That meant painstakingly making sure they kept track of who left and in what state. This is also the reason the script always has a patron call a cab or go with a designated driver. In fact, Cheers helped popularize the idea of having a designated driver.
Their efforts were worth it because they got attention from anti-drunk driving campaigns that praised Cheers as a great influence for responsible drinking.
Matter of National Security
You could see all 273 episodes of Cheers and still have missed one. That’s because it came by special order from the U.S. Treasury. The Cheers creators were contacted directly from the department and asked to make an episode promoting U.S. savings bonds.
Never ones to turn down a customer, they brewed up the episode “Uncle Sam Malone,” but don’t look for it on TV because it never aired. Instead, it was only played as a promo at savings bond drives. Guess I’ll just swing by one of those next time I’m in 1983.
Mind Your Listeners
Aside from acting, Jay Thomas had a side gig as a radio host based in Los Angeles. The morning radio show was pretty popular, and of course, they knew their host was also in Cheers, as Carla’s new love interest. When one curious caller asked what it’s like being on the show, Jay’s answer sealed Eddie’s fate. He said, “It’s brutal. I have to kiss Rhea Perlman.” Apparently, one of his listeners at the time was Perlman herself, and she took revenge by asking producers to kill off her TV husband.
So in Season 8, Eddie gets run over with a Zamboni. And just to add insult to injury, producers tried to stifle upset fans by revealing that Eddie had been living a double life when Carla discovers a second widow at his funeral. Perlman covers her revenge plot by stating that Carla And Eddie’s forever pairing would make her less part of the bar collective.
Cheers is all about drinking yet they were careful, Patrons never drove drunk, Sam had all he needed to avoid lapsing. And most importantly, the cast didn’t just throwback shots all day.
Instead, the show had to ensure that everyone stayed sober. Norm had it the weirdest with his personal drink called Near Beer, basically, a weakened strain of ale with some salt to keep the suds firmer for a long time. Since Norm almost always had a drink in his hand, his actor George Wendt had to down that Near Beer more than a few times.
Tribute to the Fallen
Sadly, Cheers lost one of its own early on, it was 1985 when Coach, aka Nicholas Colasanto, died from a heart attack. He was phenomenal as the aloof second bartender Ernie for parts of the first three seasons before Woody Harrelson filled that void.
He was gone but not forgotten, with some touching tributes sprinkled in to remember the much-beloved character. Sam sometimes wears Coach’s baseball jacket, and in the series finale, Sam adjusts a picture that had actually hung in Colasanto’s dressing room.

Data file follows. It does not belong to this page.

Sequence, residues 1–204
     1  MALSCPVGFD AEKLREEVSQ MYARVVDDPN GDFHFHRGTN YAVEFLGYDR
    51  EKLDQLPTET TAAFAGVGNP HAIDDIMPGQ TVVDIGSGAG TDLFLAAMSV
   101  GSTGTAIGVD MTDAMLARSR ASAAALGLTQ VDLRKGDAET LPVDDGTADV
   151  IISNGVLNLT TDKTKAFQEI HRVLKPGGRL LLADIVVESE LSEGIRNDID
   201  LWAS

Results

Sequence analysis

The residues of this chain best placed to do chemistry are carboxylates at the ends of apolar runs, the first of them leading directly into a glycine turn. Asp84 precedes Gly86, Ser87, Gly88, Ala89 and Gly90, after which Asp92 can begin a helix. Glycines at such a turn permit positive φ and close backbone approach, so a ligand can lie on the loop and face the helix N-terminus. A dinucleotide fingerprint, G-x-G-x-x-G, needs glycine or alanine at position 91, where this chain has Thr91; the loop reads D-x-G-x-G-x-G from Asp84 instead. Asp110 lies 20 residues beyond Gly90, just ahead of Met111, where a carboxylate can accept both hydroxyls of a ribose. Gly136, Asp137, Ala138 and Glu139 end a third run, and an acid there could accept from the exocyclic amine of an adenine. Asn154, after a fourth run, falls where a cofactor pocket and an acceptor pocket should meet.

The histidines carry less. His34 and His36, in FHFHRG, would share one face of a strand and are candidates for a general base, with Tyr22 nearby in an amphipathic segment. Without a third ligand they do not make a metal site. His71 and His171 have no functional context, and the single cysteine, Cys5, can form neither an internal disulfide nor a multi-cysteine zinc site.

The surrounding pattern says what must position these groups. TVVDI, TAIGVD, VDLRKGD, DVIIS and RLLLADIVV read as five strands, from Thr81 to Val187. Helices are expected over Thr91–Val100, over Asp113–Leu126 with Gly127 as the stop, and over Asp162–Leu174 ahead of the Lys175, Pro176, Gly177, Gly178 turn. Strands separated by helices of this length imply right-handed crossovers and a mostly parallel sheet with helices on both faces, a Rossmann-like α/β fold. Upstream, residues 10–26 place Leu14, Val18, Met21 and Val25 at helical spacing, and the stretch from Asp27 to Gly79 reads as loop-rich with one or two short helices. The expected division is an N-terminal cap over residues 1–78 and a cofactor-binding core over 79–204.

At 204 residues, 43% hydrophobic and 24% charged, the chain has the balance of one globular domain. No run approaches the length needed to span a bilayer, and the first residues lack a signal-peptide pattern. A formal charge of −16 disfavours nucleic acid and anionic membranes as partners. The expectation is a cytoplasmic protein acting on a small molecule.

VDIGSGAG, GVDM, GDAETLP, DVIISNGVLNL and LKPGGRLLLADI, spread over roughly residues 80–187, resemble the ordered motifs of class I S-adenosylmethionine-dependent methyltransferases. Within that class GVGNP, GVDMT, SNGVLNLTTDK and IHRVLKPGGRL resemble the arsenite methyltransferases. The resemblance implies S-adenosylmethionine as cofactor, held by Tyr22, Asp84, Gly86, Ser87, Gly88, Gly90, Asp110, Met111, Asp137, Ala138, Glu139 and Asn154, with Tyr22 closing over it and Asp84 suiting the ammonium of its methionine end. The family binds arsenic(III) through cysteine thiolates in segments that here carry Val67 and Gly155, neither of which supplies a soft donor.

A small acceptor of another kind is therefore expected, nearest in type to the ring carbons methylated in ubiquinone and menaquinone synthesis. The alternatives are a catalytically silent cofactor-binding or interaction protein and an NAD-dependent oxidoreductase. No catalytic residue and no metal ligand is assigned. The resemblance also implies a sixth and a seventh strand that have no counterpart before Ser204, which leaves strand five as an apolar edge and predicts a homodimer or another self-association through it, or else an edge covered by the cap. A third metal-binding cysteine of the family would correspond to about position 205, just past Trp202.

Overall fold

That’s as far as the network would let them go. NBC wouldn’t let the cast take a break from filming for Colasanto’s funeral. So, they had to settle with sending Ratzenberger as a representative. Yet, back in LA, the cast made up a makeshift memorial of their own.
Keeping Options Open
You could call the union between Diane and Sam perpetually stuck in a state of uncertainty. And the studio even shot two endings to that plotline. One with a studio audience where the two actually do get married and have their ceremony and everything.
But that was just to hide the fact Shelley Long was leaving, and they threw out that ending for one filmed without the audience where they call the whole thing off. Pretty sneaky.
Beginnings and Endings
Cheers is one of the few shows that had the title for best and worst at some point during its run. When it premiered, it ranked 77th out of 100 shows that week. But as the show progressed, the ratings grew. So, why stop after 11 Seasons, why not round up to 20, or 30 even?
Well, Ted Danson wanted to spread his wings and try new things. So producers concluded that they could continue by having Woody take over Cheers. The problem was, Harrelson was a fan of Danson and refused to do the show without him.
NBC had a big sendoff at the Bull & Finch Pub with thousands of fans celebrating and watching the end. And, of course, because it’s Cheers, there was a lot of hugging and crying and… drinking. NBC had organized it so after the finale the cast would appear on The Tonight Show.
Cheers gave viewers a place to call home for over a decade, a wonderful and immersive escape once a week. It truly was a one-of-a-kind series. What’s a great episode of Cheers that you remember? What was a crazy and possibly improvised fact of Cliff’s that you’ll never forget? Did anyone remember a good Norm excuse?